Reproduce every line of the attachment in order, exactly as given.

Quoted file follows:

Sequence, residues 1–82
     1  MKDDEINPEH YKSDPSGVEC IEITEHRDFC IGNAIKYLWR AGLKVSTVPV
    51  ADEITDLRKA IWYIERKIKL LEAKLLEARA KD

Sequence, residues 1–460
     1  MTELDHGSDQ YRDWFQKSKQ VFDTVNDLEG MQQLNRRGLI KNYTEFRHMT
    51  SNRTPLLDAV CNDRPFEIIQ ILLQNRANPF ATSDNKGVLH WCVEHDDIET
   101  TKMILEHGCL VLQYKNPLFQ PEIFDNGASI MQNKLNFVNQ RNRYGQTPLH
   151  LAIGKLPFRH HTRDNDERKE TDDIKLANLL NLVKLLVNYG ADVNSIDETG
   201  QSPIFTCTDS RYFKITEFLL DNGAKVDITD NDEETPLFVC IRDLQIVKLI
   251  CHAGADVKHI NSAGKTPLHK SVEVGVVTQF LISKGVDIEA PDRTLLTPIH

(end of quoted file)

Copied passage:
Sequence, residues 1–82
     1  MKDDEINPEH YKSDPSGVEC IEITEHRDFC IGNAIKYLWR AGLKVSTVPV
    51  ADEITDLRKA IWYIERKIKL LEAKLLEARA KD

Sequence, residues 1–460
     1  MTELDHGSDQ YRDWFQKSKQ VFDTVNDLEG MQQLNRRGLI KNYTEFRHMT
    51  SNRTPLLDAV CNDRPFEIIQ ILLQNRANPF ATSDNKGVLH WCVEHDDIET
   101  TKMILEHGCL VLQYKNPLFQ PEIFDNGASI MQNKLNFVNQ RNRYGQTPLH
   151  LAIGKLPFRH HTRDNDERKE TDDIKLANLL NLVKLLVNYG ADVNSIDETG
   201  QSPIFTCTDS RYFKITEFLL DNGAKVDITD NDEETPLFVC IRDLQIVKLI
   251  CHAGADVKHI NSAGKTPLHK SVEVGVVTQF LISKGVDIEA PDRTLLTPIH